“In the course of exploring narratives that deviate from my own, I additionally learned to reconcile my critiques of them with my innate affinity for my fellow coreligionists. After sincerely considering all of their fears and aspirations, it was impossible, I learned, to find any belief that was not based on at least some form of logical concern. In the future, I intend to collaborate with the Jewish Dialogue Group to foster mutual respect between Jewish groups on my university campus, so that however we may diverge on issues relating to Israel, we will remain united as a community in our celebration of Jewish life in America.”

 —Brian Reeves
Brandeis University, Class of 2011



"Interning with the Jewish Dialogue Group is the kind of experience students will find helpful, unique, and most importantly, genuinely interesting. This was not a coffee-getting, copy-making type of internship; I was able to truly contribute to the project and see the tangible results of my work throughout the summer. Doing research for the deliberation guidebook challenged me and the other interns to look at the way we form our own opinions and judgments, a quality that is incredibly valuable in this day and age. The ability to look at a situation you thought you knew just plenty about through a perspective different from your own is an absolutely fundamental step towards learning tolerance and acceptance. The most rewarding part about interning with the JDG is realizing the truth in the difference this most basic of human behaviors—talking—can make among people of all backgrounds. You are working towards helping others communicate in ways they could not do before, but you are just as much working on your own ability to respect, think and understand."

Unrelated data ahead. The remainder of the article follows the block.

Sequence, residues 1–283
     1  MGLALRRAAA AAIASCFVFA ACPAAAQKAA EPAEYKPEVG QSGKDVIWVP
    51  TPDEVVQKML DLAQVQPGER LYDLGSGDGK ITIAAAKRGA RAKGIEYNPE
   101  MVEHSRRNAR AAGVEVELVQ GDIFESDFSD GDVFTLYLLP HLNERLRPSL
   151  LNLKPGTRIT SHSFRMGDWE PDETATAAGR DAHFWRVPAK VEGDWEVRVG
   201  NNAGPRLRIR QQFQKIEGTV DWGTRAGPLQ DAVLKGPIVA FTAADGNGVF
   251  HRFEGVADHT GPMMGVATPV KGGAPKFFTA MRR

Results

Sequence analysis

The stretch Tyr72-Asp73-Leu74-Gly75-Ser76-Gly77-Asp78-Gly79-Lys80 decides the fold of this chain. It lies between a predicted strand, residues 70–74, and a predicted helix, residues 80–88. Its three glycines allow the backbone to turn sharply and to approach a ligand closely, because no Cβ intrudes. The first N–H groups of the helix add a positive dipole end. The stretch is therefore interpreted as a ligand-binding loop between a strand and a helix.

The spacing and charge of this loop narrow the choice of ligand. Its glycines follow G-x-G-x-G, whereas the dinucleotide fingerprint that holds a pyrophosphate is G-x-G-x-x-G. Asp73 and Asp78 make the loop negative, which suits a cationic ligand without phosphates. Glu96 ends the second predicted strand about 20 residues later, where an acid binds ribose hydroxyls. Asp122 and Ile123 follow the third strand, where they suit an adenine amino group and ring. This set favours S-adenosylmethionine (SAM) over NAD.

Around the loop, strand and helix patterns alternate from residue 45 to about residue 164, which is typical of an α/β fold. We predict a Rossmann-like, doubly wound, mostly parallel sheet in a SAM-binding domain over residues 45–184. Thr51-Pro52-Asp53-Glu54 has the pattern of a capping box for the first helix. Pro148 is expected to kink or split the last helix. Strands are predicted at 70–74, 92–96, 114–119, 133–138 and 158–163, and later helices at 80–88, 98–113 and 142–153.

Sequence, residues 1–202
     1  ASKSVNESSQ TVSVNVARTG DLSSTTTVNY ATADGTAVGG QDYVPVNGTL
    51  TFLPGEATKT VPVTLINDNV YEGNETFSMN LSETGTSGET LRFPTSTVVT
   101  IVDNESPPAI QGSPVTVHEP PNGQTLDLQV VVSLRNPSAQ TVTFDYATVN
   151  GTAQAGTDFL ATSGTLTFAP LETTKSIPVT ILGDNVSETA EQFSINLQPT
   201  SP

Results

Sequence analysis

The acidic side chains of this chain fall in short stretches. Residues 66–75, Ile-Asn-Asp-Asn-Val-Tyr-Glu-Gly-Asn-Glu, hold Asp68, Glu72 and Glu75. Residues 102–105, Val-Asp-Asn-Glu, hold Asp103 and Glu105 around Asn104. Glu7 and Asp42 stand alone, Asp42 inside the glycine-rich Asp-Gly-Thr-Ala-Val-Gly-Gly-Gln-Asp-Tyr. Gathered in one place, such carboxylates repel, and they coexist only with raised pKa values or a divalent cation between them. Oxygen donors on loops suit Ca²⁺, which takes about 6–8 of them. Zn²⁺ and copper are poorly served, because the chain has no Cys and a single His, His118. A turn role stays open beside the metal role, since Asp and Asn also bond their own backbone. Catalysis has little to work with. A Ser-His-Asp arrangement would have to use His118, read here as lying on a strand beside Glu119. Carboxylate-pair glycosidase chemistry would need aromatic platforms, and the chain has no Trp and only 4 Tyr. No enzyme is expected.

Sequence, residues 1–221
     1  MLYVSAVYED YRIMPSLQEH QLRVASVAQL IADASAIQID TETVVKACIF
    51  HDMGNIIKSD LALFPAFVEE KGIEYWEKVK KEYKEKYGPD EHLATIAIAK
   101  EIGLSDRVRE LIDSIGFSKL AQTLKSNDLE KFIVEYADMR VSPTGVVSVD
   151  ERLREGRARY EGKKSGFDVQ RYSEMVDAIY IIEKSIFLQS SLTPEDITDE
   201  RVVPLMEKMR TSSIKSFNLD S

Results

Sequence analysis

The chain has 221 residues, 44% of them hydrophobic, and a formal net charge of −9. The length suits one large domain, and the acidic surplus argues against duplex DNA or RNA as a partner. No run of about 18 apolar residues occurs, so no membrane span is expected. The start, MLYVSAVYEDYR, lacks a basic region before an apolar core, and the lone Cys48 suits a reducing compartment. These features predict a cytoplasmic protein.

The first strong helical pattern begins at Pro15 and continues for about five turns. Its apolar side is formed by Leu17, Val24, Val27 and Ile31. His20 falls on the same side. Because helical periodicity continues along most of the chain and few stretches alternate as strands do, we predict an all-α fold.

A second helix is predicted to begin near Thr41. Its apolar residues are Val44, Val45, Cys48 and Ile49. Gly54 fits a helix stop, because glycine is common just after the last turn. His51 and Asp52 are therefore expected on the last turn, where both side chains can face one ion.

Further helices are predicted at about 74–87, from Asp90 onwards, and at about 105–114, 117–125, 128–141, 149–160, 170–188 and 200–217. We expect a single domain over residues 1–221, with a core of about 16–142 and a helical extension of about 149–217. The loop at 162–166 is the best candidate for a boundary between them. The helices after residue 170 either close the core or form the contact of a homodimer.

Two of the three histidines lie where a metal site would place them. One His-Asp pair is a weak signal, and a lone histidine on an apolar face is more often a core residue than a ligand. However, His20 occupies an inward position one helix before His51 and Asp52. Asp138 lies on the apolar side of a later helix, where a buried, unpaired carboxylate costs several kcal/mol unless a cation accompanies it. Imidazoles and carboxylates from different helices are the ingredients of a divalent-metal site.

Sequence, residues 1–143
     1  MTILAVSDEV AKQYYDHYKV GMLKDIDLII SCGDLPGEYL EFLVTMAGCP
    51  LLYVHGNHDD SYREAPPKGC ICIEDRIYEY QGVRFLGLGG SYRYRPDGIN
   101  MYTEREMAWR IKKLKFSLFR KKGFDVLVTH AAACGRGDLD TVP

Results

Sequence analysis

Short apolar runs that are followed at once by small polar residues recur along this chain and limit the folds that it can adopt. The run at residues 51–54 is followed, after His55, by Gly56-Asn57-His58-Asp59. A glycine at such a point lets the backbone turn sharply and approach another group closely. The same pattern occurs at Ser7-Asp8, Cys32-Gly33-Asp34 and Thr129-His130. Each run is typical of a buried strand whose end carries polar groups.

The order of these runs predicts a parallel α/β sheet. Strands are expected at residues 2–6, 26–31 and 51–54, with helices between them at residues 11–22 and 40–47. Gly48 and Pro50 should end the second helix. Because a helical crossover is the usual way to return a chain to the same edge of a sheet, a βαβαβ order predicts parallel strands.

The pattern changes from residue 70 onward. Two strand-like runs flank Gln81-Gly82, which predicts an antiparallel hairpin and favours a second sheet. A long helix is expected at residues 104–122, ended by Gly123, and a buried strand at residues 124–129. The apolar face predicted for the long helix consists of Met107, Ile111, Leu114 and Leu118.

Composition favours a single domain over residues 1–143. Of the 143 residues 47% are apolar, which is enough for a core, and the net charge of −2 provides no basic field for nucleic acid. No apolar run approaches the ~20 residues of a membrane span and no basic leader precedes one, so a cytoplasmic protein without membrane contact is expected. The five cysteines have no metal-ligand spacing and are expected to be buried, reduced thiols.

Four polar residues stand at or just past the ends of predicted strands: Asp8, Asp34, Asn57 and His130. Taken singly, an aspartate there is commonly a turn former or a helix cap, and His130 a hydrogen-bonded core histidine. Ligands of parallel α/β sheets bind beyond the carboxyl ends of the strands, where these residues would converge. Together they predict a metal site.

Michelle Fauber
Tulane University, Class of 2012


"I interned with the Jewish Dialogue Group back in 2005, after searching for dialogue projects across the country. As a college junior, it was really great to meet with so many different kinds of people within and outside the organization. I continue to use the lessons learned that summer: on messaging to your audience, on cultivating relationships with activists across the political spectrum, and the political landscape of the American Jewish community in relation to Israel/Palestine. That I am still in touch with JDG's director is a testament to the faith he had in me, and in his ability to cultivate strong volunteers and leaders. The Jewish Dialogue Group is doing important work that no one else does—to intern with them is an experience that can't be replicated anywhere else. I'm so glad to know that more volunteers are joining their ranks—this is a wonderful chance to take a project and run with it!"

 —Jessie Posilkin, Bryn Mawr College
AB '06 Peace and Conflict Studies